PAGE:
Men in Black: International Explained: What’s Up With the Ending?

Pros: Funny aliens; technology of the Men in Black; generally good jokes; excellent comedy duo of Chris Hemsworth and Tessa Thompson; Pishachok Cons: Straightforward plot; the characters and stories of the aliens are poorly developed; we have already seen all this in the previous parts of MiB Men in Black: International / “Men in Black: International”

Genre fantasy, comedy
Directed by F. Gary Gray
Cast: Chris Hemsworth (Agent H), Tessa Thompson (Agent M), Emma Thompson (Agent O), Liam Neeson (Higher T), Kumail Najiani (Pishachok), Rafe Spall (Agent C), Rebecca Ferguson (Riza), Les Twins (Twins) and others.
Студии Columbia Pictures, Amblin Entertainment
Year of release 2019
IMDb website

The Men in Black series has always stood on three pillars: a funny fantasy setting, humor and charisma of the main characters. Well, Men in Black: International has all three ingredients. There seem to be an order of magnitude more crazy aliens of all shapes and sizes than in previous films. There are even more crazy technologies, weapons and gadgets. The jokes sound almost continuously, and the duo of the main characters literally glows with charisma.

MiB: International is the third collaboration between Chris Hemsworth and Tessa Thompson, after Thor: Ragnarok and Avengers: Endgame, and the second purely comedic. And you know, this couple made a really great comedy duo. And although it’s mostly Hemsworth who fools around, and Thompson remains generally calm and restrained, in good duets the roles are always divided in this way. It seems that the couple doesn’t even leave the looks they wore in Thor: Ragnarok, and the direct reference to Thor in the episode with the hammer once again confirms this. It’s okay, all comedians have their own roles.


The film’s third comedian is a CG character voiced by Pakistani-American stand-up comedian Kumail Najiani. Pawny in the English version, Pishachok in the Ukrainian is the real hero of the picture, enlivening many scenes. It’s a pity that we know criminally little about the Pishachka race and its Queen, but it could have been an interesting story.


In general, with a huge number of aliens in the frame, the stories of the plot-important characters are worked out very carelessly. The same Pishachok; the same friend of Agent M from her childhood; the deadly Riza played by Rebecca Ferguson (Mission: Impossible – Rogue Nation, Mission: Impossible – Fallout), who is simply unrecognizable here; a motorcycle repairman and his bearded friend; Twins played by real twins, dance duo Les Twins; Vangus, Agent H’s close friend – they are all just extras, with weakly expressed characters and aspirations. Yes, in the previous parts of Men in Black too little attention was paid to aliens, but it’s still 2019, not 1997.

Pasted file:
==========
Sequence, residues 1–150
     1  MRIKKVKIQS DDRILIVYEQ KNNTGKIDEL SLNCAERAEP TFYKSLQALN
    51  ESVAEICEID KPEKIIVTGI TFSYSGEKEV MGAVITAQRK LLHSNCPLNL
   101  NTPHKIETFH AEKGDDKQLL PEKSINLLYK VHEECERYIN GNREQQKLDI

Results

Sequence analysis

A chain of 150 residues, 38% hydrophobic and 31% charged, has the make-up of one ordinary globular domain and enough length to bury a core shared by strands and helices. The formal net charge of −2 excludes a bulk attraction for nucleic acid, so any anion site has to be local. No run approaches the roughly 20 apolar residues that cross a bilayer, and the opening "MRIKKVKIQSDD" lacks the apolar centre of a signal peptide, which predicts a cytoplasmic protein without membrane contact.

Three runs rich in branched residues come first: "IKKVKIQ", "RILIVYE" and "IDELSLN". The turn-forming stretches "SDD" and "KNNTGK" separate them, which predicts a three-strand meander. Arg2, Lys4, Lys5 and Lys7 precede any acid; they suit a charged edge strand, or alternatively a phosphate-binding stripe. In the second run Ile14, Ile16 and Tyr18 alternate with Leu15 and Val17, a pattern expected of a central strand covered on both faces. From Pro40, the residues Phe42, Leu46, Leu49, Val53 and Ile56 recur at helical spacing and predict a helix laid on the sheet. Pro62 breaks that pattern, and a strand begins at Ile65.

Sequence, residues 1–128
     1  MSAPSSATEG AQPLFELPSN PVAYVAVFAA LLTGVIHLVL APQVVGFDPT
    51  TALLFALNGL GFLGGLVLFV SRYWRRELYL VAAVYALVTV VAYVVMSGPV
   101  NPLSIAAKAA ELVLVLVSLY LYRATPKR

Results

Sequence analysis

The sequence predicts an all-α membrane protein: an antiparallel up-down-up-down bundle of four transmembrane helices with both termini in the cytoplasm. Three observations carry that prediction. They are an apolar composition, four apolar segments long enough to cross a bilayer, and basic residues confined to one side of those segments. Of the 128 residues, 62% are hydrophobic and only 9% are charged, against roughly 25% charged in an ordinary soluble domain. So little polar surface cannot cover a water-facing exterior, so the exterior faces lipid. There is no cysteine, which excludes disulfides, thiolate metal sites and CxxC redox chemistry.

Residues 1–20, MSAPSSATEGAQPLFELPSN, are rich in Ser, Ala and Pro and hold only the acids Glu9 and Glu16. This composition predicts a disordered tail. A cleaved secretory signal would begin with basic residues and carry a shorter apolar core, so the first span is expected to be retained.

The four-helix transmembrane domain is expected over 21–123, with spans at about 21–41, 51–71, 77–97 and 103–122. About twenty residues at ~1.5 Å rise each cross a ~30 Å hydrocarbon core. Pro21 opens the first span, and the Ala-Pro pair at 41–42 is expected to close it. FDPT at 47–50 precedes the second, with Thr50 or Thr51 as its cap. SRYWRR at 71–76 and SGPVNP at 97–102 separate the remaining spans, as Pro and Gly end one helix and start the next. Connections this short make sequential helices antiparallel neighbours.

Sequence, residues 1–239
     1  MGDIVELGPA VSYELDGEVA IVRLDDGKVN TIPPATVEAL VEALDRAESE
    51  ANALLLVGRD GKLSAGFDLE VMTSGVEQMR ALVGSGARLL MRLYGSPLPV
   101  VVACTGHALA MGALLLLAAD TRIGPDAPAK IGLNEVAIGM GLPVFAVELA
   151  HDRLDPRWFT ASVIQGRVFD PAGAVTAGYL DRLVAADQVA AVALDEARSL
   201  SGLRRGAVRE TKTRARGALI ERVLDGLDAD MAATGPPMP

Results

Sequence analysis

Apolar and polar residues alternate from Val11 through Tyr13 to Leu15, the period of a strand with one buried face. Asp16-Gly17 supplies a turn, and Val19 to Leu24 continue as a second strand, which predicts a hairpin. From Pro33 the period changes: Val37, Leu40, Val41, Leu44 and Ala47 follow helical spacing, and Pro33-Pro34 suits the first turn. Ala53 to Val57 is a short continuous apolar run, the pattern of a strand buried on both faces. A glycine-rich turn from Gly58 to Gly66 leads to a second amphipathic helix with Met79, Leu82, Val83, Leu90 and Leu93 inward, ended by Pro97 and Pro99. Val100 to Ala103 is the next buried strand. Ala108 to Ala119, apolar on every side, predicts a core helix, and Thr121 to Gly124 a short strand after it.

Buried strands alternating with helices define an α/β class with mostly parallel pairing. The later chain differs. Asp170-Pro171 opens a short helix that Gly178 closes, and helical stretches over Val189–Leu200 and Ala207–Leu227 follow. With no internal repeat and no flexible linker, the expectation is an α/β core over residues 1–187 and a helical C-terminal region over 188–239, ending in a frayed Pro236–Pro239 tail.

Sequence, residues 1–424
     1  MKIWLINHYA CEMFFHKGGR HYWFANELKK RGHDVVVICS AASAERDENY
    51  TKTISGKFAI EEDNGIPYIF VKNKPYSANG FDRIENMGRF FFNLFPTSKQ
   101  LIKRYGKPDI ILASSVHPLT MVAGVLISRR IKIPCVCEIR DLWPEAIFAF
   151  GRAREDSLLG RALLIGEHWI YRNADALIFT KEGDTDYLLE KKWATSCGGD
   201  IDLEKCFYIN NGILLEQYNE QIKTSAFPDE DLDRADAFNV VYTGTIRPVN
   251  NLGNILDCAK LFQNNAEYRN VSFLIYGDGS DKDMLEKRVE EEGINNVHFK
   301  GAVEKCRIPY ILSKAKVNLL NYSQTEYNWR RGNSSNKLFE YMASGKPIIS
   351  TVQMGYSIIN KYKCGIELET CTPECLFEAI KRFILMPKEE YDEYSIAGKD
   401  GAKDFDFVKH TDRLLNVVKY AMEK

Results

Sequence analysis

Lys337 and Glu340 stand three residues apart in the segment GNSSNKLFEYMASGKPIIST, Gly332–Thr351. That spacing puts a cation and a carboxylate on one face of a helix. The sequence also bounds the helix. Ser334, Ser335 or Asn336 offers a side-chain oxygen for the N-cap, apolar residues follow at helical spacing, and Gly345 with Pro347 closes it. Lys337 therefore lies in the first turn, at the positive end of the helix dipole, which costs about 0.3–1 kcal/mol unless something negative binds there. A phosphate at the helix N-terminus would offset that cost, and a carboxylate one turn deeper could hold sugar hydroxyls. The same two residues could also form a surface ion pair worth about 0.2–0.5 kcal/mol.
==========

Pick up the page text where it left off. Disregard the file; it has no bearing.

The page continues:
Another problem with the film is the linearity and predictability of the narrative. From the very beginning you know that M will get her way, that she will break her own promise and… become attached to H. You understand that something is wrong with H, and very quickly figure out the main villain. Admission to MiB, training, selection of a suit and weapon in fast forward, the first task and the obligatory saving of the world at the end… somewhere we have already seen all this, it seems that someone named Smith played there.


Instead of Barry Sonnenfeld, who was responsible for the three previous films in the franchise, the director’s chair for Men in Black: International was taken by F. Gary Gray, whose credits included work on such films as The Fate of the Furious and The Italian Job (2003). Yes, he does better with cars, but I wouldn’t say that the combat scenes in MiB: International are inferior to the same MiB 1/3 (it’s better to forget about the second part like a bad dream). Yes…they’re a little predictable (there’s that word again), but well shot and drawn. The visualized “We need bigger guns” meme still works just as well.


By and large, Men in Black: International can only be accused of being derivative and straightforward. Otherwise, this is a very good, fun and bright summer blockbuster. Of course, not Thor: Ragnarok, but still watchable. Personally, I wouldn’t mind if the authors expanded MiB: International into a full-fledged new trilogy – it seems that Chris Hemsworth and Tessa Thompson are very comfortable working together. Plus, I would like to know about Pishachok’s further adventures.


MiB: International may not be an original film, but it looks surprisingly good

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